PEORIA, Ariz. -- Justin Smoak senses something is different this spring. And it's not just the hot start he's off to with his early offensive power show in Arizona.

The Mariners first baseman has hit the ball hard from the start of camp and is batting .429 with a pair of home runs and six RBIs in his first six appearances, just what the doctor ordered for a youngster looking to carry over his late-season success from 2012.

But Smoak isn't alone this spring. On a club that has already hit more home runs than it did in each of its last three Cactus League seasons, Smoak can just be one of the cogs instead of the expected middle-of-the-order presence.

The influx of proven veteran hitters has created a new sense of confidence in a young group that got tossed prematurely into a sink-or-swim situation last year. Add in the natural maturation of those returning youngsters, and it's an interesting mix.

"It's just a different feeling in here than we've had," Smoak said. "I don't know if it's more confidence or just a different vibe, but we know what we can do as a team. It's something everybody here is excited about. Nobody's got us on any radar, so it's one of those things where we know what we're capable of doing, we've just got to go do it."

If Smoak continues producing on a consistent basis, the Mariners will be doing cartwheels. Manager Eric Wedge went out on a limb this offseason, putting his faith in the 26-year-old despite his disappointing 2012 season in which he hit .217 with 19 home runs and 51 RBIs in 132 games.

Even after general manager Jack Zduriencik traded for Kendrys Morales and Michael Morse, Wedge insisted Smoak would remain the frontrunner as his everyday first baseman heading into camp.

Smoak then came out firing this spring and hasn't let up. Even his 1-for-5 day in Thursday's 12-2 win over the Royals included an RBI double and another line drive that was a rocket right at the right fielder.

"I've felt good since I got here and it's one of those things where I just need to stay where I'm at," Smoak said. "I'm still working to iron out a few things out. It's still early. But at the same time, I feel like I'm in a good place."

Wedge sees a noticeable improvement in Smoak's batting approach this spring.

"He's so much more grounded up there at home plate," said the skipper. "A lot of balance. He's in a strong position to hit."

His teammates have noticed a difference as well. Last spring, Michael Saunders was the Mariners player everybody thought was finished after a disappointing 2011 season, but he came to camp with an aggressive attitude and grabbed hold of what figured to be his last opportunity with a breakout season.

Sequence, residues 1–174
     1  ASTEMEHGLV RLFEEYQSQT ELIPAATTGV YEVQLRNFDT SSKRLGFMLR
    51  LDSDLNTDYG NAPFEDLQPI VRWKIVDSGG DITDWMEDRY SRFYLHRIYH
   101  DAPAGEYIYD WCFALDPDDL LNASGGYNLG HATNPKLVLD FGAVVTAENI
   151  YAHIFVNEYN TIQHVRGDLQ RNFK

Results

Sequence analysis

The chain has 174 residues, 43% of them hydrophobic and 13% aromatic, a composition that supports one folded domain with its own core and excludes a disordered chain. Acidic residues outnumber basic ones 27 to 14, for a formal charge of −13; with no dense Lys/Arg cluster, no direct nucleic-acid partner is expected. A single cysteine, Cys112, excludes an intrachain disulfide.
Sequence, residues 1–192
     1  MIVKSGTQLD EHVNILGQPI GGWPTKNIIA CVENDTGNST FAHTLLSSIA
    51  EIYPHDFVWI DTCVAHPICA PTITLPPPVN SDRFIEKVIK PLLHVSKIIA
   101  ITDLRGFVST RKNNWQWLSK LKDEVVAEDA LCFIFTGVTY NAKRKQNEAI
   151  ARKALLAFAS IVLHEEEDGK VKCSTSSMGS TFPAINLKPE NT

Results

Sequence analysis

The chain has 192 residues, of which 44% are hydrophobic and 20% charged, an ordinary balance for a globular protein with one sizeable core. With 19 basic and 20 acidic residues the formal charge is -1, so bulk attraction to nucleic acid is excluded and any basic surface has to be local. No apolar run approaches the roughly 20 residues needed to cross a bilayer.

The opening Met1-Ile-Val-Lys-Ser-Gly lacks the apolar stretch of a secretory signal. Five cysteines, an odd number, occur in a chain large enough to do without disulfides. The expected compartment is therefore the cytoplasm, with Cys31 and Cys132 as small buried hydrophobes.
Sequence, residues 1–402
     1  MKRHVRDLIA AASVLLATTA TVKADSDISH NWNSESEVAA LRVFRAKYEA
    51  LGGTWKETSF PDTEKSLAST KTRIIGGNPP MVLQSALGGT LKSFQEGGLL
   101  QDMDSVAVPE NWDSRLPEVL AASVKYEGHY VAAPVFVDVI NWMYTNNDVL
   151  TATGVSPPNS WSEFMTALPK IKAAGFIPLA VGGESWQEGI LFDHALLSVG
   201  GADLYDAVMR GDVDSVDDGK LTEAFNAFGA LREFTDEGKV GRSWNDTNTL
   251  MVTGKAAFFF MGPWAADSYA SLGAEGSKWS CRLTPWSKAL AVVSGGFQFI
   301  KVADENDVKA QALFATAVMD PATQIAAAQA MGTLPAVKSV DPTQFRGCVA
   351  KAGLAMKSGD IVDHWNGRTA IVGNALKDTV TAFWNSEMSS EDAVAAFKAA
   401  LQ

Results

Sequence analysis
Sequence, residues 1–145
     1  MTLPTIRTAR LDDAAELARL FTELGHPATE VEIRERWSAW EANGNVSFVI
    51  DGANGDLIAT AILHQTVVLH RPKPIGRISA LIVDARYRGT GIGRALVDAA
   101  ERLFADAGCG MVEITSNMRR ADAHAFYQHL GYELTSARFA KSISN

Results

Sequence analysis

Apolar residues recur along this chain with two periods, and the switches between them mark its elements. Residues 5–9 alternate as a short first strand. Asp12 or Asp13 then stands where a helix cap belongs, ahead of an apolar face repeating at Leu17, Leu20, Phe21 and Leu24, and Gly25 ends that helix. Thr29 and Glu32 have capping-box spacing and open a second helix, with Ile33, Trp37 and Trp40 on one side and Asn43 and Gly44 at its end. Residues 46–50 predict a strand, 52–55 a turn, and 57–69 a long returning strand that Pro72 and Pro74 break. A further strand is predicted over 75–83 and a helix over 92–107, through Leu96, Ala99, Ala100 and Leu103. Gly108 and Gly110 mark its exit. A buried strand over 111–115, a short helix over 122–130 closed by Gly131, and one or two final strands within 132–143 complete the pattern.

Saunders understands Smoak's situation better than anyone.

"Don't give up on that guy," said Saunders. "He's got talent. And he's got a lot of confidence right now. It's one thing to have talent, but unless you know you belong, it's something totally different. That's something I learned last year. So I'm excited for him.

"He'll be the first to tell you he's had a couple down years, but I think he'll be the better for it," Saunders said. "Sometimes you have to go through the thick and thin first. I've been there. I've done it. I think you can learn a lot more from failure than success sometimes. He's coming back and showing us what he can do. He's going to be a good player and we need him to be a big part of what we're doing here."

Smoak likes the idea of being a part of something big. While he got off to the quick start this spring, the rest of the club has jumped aboard with at least one long ball in each of its first 14 games and the highest home run total and slugging percentage in the Cactus League.

"It's the old saying, 'Hitting's contagious,'" Smoak said. "When you've got a guy in front of you that is seeing four or five pitches and the next guy is seeing five or six, it makes the pitcher work. And then you're liable to get one out over the plate that you can drive. That's a difference."

So is the presence of veteran hitters like Raul Ibanez, Morse, Morales, Jason Bay and Robert Andino, whose lockers all surround Smoak's in the Peoria clubhouse.

The situation reminds Smoak more of his early days in Texas, when he could listen and learn and pick the minds of older teammates.

"No doubt," he said. "They're guys that have been around the game for a while, good guys to talk to and ask what are you thinking in this situation or that situation. And just watching them go about their business, you can tell they know what they need to do every day to get ready to play by game time.

"That's something the last couple years, we didn't really have. Now we've been here a while and I think we kind of had to learn on the run, which is not always a bad thing. It's not easy, but sometimes that's how you learn. You're in there, you've got to figure it out. But it's good to have these guys around now and it's been a good spring so far."

As for his own personal approach? Smoak is locked in, seeing pitches well, driving the ball and looking like the promising young switch-hitting first baseman the club felt it traded for in the Cliff Lee deal three years ago.

"I've got to just keep doing what I'm doing, really," he said. "Everything has been feeling good."